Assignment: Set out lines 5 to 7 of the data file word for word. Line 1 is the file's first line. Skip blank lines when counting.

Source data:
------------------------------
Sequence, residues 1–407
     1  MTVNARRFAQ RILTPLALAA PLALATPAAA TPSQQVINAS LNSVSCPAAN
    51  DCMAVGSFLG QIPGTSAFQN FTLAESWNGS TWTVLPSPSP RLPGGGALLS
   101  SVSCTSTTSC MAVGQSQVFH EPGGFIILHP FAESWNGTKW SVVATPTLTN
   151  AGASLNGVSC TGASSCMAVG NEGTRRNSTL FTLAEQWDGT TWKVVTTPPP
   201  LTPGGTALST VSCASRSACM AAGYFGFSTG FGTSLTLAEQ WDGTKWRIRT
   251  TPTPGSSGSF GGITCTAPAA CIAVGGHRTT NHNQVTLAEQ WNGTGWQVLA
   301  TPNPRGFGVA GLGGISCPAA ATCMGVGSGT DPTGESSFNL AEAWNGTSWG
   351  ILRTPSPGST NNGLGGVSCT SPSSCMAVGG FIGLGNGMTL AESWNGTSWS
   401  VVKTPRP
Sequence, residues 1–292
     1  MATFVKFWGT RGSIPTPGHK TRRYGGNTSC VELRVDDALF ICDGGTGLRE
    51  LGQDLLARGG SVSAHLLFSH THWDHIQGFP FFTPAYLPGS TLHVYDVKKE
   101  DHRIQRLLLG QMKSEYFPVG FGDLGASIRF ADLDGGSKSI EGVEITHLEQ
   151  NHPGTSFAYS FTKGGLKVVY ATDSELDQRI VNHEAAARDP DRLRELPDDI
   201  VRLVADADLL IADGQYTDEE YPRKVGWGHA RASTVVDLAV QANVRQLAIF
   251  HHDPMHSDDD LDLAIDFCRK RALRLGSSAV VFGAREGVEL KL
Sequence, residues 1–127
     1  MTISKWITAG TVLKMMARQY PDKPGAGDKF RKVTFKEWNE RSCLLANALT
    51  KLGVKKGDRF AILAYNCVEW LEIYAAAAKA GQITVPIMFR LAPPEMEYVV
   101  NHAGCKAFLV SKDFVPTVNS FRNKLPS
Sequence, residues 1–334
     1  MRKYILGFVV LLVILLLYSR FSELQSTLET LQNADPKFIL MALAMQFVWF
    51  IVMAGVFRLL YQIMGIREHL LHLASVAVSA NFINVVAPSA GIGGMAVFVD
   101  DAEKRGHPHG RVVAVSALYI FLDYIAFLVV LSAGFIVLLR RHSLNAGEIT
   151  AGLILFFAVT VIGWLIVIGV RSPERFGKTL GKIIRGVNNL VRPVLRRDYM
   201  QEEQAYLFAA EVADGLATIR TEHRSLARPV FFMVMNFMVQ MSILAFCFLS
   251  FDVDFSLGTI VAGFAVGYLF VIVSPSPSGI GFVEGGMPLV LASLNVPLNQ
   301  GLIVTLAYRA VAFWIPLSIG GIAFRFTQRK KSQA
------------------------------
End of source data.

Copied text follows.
   151  AGASLNGVSC TGASSCMAVG NEGTRRNSTL FTLAEQWDGT TWKVVTTPPP
   201  LTPGGTALST VSCASRSACM AAGYFGFSTG FGTSLTLAEQ WDGTKWRIRT
   251  TPTPGSSGSF GGITCTAPAA CIAVGGHRTT NHNQVTLAEQ WNGTGWQVLA